New Play Control! Donkey Kong Jungle Beat Review for Nintendo Wii

Donkey Kong Jungle Beat Cover

New Play Control! Donkey Kong Jungle Beat Review for Nintendo Wii

About four years ago, Donkey Kong Jungle Beat was released for the Nintendo GameCube. At its core it was a semi-traditional 2D platformer that made use of an oddball control scheme. Due to the fact that you needed to use the GameCube’s bongo peripheral to control DK, the game didn’t do very well as far as sales go despite receiving a good amount of critical praise for its unique gameplay and feel.

New Play Control! Donkey Kong Jungle Beat screenshot

While I’ve been a bit skeptical of the idea of taking GameCube titles, adding motion controls, slapping a New Play Control! sticker on the box, and then selling it like it’s a different title, New Play Control! Donkey Kong Jungle Beat (NPC! DKJB) actually goes a long way towards legitimizing the NPC! label for me.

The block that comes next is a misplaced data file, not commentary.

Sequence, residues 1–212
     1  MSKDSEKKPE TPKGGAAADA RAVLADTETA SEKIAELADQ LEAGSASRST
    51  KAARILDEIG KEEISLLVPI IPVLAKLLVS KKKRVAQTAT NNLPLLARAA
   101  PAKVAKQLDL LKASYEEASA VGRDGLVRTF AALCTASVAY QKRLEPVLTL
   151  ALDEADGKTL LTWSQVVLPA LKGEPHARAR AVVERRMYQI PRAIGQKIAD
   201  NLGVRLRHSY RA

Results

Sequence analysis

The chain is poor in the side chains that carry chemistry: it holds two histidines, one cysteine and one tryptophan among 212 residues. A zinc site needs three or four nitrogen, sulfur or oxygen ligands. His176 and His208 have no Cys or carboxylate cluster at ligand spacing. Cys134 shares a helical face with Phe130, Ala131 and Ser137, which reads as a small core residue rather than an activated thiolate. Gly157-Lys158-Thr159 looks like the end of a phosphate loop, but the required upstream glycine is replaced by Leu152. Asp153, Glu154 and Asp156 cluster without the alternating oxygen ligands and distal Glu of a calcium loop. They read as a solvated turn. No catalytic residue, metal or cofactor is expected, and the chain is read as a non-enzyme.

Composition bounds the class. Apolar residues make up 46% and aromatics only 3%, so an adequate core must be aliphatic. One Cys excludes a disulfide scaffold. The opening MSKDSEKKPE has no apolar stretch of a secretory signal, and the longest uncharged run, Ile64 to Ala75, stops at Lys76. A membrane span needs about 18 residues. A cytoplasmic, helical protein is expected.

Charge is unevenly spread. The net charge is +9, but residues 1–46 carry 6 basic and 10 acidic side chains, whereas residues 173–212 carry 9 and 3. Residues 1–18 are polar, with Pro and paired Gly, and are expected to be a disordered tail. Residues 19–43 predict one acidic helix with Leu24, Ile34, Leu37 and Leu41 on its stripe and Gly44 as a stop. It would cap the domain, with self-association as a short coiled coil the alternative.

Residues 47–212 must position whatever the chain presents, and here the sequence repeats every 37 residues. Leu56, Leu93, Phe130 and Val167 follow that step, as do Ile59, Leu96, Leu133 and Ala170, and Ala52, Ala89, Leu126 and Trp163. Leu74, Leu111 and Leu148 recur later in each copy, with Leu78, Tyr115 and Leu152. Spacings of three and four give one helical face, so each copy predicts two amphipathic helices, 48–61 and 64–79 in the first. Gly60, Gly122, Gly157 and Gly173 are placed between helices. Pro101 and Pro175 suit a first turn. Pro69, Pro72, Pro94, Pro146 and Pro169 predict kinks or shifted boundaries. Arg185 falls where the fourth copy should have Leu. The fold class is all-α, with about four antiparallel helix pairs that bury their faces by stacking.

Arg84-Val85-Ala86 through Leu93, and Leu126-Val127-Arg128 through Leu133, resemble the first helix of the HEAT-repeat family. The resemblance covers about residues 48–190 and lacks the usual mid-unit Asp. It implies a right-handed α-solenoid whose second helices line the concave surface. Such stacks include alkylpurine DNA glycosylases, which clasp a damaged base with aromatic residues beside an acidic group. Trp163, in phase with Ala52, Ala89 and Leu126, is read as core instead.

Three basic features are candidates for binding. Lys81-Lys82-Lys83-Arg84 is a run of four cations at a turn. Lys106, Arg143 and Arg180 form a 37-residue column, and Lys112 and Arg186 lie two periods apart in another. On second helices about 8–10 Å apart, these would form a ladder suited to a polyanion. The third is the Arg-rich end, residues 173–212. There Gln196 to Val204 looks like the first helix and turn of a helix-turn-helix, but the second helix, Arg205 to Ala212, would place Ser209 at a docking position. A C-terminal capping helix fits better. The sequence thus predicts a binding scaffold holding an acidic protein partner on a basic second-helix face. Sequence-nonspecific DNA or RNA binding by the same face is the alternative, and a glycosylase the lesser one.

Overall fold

As I previously stated, the original Donkey Kong Jungle Beat utilized a bongo peripheral and it required players to tap one side to make DK move in that direction, slap both together to make him jump, and clap to cause a large shockwave to emanate from DK that damaged surrounding enemies and collected nearby bananas. This was a fairly neat way to control a game, but it had a tendency to make platforming feel needlessly inaccurate and difficult while also forcing the developers to compensate by making traversing levels and taking out enemies much easier to accomplish. The health system in the original DKJB even catered to the bongo controls, only taking away a few bananas whenever you got hit despite the fact that you would likely collect at least four hundred bananas during the course of every level.